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Less than a year after starting, Huntley High newspaper wins top honor

By Robert McCoppin/Tribune Reporter

Bored at home during the blizzard of 2011, Huntley High School student Michael Geheren decided to create a website for the school newspaper.

He bought the domain name — huntleyvoice.com — and, using WordPress software to model it on other sites, he put together a mock-up of what it might look like.

Geheren, now the site’s digital editor in chief, called the school journalism adviser, who had been concerned about the difficulty of operating such a site, and said, “I think we can actually do this.”

Up and running in earnest just since October, the fledgling site this week won the National Scholastic Press Association Pacemaker Award for online high school newspapers — an honor sometimes described as the Pulitzer Prize of student journalism.

The students’ experience, advisers say, mirrors the transformation of the high school newspaper in general.

Though many school administrators have trepidation about publishing student-produced news online because of its speed and potential lack of oversight, more schools are adding online news sites, and some are even dropping their print editions.

This year, more than 150 schools submitted their online sites for the awards competition, the association reported — triple the number from 2008.

The transition at Huntley wasn’t easy. First, it took time for administrators and the School Board to approve its oversight. The initial operation, adviser Dennis Brown said, was a “train wreck,” before editors reorganized assignments to update the page frequently.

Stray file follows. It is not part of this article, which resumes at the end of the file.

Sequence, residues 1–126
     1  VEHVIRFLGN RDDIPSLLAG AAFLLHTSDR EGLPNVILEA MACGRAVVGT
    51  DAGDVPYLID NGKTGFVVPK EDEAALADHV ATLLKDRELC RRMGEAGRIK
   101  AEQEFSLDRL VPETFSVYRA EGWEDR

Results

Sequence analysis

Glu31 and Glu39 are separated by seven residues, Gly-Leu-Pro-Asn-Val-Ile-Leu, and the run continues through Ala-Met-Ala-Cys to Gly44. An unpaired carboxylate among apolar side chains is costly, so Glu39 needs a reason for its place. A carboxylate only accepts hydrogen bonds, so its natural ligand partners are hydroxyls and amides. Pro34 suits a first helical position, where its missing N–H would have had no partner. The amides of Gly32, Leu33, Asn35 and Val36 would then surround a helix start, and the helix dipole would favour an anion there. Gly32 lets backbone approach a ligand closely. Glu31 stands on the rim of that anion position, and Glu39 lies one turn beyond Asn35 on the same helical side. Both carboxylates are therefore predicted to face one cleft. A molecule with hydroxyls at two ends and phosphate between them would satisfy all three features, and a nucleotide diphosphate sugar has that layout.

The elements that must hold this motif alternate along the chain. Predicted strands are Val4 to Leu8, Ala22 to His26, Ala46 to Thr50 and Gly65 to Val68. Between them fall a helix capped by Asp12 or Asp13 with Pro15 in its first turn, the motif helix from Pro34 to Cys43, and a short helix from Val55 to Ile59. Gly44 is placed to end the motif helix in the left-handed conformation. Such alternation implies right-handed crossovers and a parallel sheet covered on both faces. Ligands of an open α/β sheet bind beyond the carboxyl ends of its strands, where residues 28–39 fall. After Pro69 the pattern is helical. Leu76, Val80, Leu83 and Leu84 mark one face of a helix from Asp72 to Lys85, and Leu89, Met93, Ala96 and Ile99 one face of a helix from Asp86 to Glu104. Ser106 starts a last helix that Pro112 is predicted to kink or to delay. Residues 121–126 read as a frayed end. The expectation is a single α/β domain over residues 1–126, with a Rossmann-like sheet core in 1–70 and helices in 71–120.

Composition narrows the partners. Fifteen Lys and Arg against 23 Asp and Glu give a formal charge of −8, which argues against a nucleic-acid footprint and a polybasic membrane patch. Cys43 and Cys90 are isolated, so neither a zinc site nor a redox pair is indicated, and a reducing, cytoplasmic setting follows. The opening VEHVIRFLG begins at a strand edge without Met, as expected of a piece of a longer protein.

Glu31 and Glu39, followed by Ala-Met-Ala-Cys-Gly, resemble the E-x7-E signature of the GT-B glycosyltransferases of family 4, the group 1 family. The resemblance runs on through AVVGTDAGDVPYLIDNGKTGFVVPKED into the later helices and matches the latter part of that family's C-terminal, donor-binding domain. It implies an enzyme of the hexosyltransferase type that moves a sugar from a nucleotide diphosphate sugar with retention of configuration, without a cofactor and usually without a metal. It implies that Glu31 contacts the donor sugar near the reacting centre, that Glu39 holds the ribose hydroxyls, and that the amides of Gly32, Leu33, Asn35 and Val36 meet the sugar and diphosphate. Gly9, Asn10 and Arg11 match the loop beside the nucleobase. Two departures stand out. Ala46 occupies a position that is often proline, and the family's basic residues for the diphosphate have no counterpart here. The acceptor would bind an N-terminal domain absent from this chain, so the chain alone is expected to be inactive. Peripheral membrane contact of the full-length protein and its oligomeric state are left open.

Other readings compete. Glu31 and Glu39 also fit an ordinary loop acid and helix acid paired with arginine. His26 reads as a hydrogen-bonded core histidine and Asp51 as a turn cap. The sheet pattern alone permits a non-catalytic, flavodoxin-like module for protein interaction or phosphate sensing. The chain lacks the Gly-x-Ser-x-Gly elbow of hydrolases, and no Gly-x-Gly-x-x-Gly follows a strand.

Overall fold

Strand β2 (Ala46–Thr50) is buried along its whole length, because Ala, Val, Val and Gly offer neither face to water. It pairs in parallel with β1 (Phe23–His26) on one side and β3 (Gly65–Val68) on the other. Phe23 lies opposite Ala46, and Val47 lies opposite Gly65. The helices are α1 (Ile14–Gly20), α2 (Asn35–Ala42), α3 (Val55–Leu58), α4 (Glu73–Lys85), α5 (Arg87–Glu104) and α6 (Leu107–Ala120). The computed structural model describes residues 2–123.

The site hit its stride at a campaign appearance by presidential candidate Newt Gingrich. Rubbing elbows with CNN and the Wall Street Journal, students live-Tweeted and streamed video to the site.

Huntley was lucky. Many schools don’t have anyone who knows how to create a news site online, according to Evelyn Lauer, English teacher and adviser of Niles West News, which won the Pacemaker Award last year and was a finalist this year.

To focus on its online operation, the Skokie school decided two years ago to drop its print edition entirely — something some schools are being forced to do because of finances.

Online sites can provide news in a more timely fashion than student newspapers that print once a month. The sites also can be much more interactive, Lauer added, noting that her students recently used Facebook to ask seniors to give advice to juniors about going to college, and immediately got 10 responses.

The printed word remains a strong presence at some schools, though. Newspapers at Marist High School in Chicago, Lake Zurich High School and John Hersey High School in Arlington Heights also won National Scholastic Press Association honors in their respective categories, and Glenbrook South High School in Glenview won for its Etruscan yearbook.

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